Posts for November 21, 2012

Listen To Your Favorite Chicago Food People Instead of Your Relatives This Weekend

WGN Radio likes food lately.

Lots of food people you know, from publications all over town, were on the radio recently. Curiously, it wasn't Thanksgiving or anything like that that's responsible for the fact— only Michelin seems to be a primary cause behind radio producers suddenly taking an interest in our local food folks. But whatever the reason, if you're looking for something to listen to while doing the dishes this weekend, check out some of these radio highlights from the last week or two.

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Think Thanksgiving is Fall's Only Feast? Meet the Wisconsin Lutefisk Supper.

Editor's Note: Thanksgiving is the time for a traditional meal... but it's not the only traditional meal that turns up in the fall in the midwest. In parts of Wisconsin with Nordic heritage, lutefisk suppers centered around that famously pungent form of air-dried, lye-cured fish are still common, and one of the most popular is at Vermont Lutheran Church in Black Earth, a half hour west of Madison. Chicago food historian Peter Engler invites us inside that alternative fall tradition, where volunteers prepare and serve over 1000 pounds of traditionally-cured cod to the sold-out crowd in the church basement. His photos and descriptions begin below.

Kramer: Bombs & Brickbats; Nagrant: Lula Still a Lulu

Baume & Brix.Photo: Sky Full of Bacon

Anybody read any good slams from food critics lately? Julia Kramer calls Baume & Brix "the unlikely marriage of the whimsical, modern cooking espoused at Moto (from whence chefs Thomas Elliott Bowman and Ben Roche came) to the thumping, clubby scene of nightlife-restaurants like Tavernita, Sunda, etc. I’m not saying this merger can’t be successful (see: José Andrés’s Bazaar in Beverly Hills), only that my two meals were not. In fact, they were haphazard, dissatisfying and, occasionally, comical." Besides service woes, she calls the food "a parade of dispiriting, ill-conceived courses, which ranged from palatable but dull (one-note “umami” mushroom soup with a poached egg, your basic burrata salad, a muted chicken-liver “parfait” layered with egg salad) to confounding and a little vile." What went wrong? For one, "Bowman and Roche (the latter of whom was the pastry chef at Moto) intend to create some sort of symbiosis between sweet and savory. This is occasionally charming... But more often, the sweetness in the savory food feels intrusive and overbearing, and their dishes don’t convey a clear or convincing concept." [TOC]

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Hostess Definitely Probably Still Dead

It looks like the Twinkie hoarding wasn't in vain as yesterday's eleventh-hour mediation talks went nowhere. Hostess is back in bankruptcy court as of this morning ironing out its liquidation plans. The company's 33 bakeries have already ceased operations, and 18,500 jobs are likely lost. A final official announcement is expected shortly. [Reuters, Earlier]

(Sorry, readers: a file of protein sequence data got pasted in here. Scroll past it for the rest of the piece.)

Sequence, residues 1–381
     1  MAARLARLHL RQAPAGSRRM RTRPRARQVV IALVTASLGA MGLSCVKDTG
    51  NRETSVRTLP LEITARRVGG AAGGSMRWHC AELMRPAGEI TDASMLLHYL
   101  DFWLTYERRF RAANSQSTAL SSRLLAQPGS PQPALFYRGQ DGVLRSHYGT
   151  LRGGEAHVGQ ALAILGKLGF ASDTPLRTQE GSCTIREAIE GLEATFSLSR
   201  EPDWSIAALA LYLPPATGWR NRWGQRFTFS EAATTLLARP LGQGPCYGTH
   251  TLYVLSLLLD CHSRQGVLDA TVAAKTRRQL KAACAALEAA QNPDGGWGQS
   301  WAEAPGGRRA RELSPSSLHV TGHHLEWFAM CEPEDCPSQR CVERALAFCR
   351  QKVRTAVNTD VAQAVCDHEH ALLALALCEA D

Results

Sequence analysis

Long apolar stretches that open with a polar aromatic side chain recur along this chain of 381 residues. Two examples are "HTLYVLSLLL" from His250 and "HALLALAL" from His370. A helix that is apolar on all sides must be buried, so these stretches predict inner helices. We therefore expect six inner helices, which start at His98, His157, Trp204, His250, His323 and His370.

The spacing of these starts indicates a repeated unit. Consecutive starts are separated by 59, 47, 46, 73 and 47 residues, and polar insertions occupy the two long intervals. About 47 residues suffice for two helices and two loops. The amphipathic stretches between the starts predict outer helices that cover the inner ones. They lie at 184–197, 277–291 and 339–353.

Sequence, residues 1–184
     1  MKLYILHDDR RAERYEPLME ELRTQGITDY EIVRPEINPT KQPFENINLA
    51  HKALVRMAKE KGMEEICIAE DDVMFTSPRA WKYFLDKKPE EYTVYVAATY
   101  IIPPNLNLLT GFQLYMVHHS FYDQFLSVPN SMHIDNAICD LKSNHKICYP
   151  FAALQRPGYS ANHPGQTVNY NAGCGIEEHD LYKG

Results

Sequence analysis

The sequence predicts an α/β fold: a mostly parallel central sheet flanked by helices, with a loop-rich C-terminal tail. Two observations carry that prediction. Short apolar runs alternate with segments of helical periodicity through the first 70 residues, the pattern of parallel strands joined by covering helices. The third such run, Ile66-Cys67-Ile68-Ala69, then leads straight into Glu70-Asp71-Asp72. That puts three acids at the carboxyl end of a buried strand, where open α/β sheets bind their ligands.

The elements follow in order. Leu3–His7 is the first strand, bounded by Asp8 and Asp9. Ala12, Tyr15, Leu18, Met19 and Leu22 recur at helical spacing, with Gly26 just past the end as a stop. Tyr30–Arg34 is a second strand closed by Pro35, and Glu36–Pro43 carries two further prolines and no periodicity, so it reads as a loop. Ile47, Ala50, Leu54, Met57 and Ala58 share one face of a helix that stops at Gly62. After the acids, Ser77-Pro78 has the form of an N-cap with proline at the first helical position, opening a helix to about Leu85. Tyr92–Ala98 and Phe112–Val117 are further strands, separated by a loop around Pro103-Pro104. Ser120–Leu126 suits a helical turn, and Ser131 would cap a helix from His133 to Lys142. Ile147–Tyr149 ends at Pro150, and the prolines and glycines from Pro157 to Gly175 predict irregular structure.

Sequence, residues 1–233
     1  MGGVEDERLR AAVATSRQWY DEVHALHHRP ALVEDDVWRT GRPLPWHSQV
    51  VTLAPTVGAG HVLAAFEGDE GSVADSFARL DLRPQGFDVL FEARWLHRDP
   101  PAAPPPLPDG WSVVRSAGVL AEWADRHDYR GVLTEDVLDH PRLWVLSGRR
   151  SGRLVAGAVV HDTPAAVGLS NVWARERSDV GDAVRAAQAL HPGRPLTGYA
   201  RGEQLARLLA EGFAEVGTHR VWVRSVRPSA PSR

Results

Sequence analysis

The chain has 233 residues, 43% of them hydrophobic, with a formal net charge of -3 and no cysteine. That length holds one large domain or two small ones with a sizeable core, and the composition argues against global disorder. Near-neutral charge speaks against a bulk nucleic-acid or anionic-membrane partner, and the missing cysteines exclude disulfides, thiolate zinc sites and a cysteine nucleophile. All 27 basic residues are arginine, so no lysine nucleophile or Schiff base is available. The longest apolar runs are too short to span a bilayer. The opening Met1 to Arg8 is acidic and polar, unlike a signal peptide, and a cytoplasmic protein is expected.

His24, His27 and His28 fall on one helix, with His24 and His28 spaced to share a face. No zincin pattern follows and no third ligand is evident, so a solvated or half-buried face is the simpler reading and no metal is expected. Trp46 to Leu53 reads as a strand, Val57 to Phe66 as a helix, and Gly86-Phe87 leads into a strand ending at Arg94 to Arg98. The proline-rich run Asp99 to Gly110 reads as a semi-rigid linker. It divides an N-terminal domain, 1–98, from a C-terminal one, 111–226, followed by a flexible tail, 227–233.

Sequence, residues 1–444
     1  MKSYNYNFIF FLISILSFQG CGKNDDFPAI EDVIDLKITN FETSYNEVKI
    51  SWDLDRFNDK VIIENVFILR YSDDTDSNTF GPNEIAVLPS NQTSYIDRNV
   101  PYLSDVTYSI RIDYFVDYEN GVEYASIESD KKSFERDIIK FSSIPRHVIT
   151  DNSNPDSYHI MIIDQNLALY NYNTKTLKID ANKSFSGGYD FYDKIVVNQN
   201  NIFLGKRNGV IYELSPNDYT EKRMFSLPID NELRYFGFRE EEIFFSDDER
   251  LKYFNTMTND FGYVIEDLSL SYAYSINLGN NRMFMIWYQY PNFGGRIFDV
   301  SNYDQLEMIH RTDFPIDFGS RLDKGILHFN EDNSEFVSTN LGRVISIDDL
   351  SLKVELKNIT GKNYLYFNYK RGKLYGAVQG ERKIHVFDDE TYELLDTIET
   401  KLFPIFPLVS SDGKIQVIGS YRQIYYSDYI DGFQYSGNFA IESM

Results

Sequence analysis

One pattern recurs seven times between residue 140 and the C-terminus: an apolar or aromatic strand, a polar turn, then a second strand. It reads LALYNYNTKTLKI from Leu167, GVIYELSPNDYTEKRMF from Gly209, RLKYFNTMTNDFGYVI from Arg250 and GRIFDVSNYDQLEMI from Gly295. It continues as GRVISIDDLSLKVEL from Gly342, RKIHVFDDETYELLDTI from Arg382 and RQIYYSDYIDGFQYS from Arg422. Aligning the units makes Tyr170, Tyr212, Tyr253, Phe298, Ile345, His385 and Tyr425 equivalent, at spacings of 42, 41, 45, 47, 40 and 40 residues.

Watch The Final Table, Donkey and Stick Video! Vote On Which Chef They Should Hire! Win Dinner!

The moment has come. After six nights of pop-up dinners by the chefs eagerly competing for the job of chef at Table, Donkey and Stick, here's the final video showcasing the last two chefs, Evan DeVries and Brian Flach. See for yourself how they did in this exclusive series taking you behind the scenes. But watching it isn't all you can do: here's your chance to influence the decision— and maybe win dinner for two when Table, Donkey and Stick opens in the next couple of weeks. After you've watched the videos, you can vote for the chef you think should get the job. True, you probably didn't taste the food, but how it appeals to potential customers from the outside is an important factor too, so take a look and vote on which one seemed to make the best-looking food for the Alpine theme. And be sure to include your email address— one entrant will win dinner for two when the restaurant opens. Watch the new 9-minute video below, then cast your vote by Monday for the chef you think deserves the job.

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Trotter Auction Nears $1 Million Mark; Online Will Exceed Estimate

One milllllyun dollars, as Dr. Evil would say. That was the goal for the auction of Charlie Trotter's wine collection in both its traditional auction form (held last week at Christie's in New York) and the online auction running now. But as it turned out, the first half nearly got there on its own, even with some of the best wine having vanished along the way. 349 of 357 lots in the live auction were sold, bringing in $918,027. The highest prices were all from the highly-prized Romanée-Conti appellation in Burgundy, including a 4-bottle lot of 1986 Richebourg which realized $29,040, a methuselah (an oversize bottle holding the equivalent of eight standard bottles) of 1996 La Tache from Domaine de la Romanée-Conti which took in $22,990, and another 1997 case of Domaine de la Romanée-Conti which took in $20,570.

Previously: Legendary Sommelier Larry Stone on Charlie Trotter’s Wine Collection (Which He Built)

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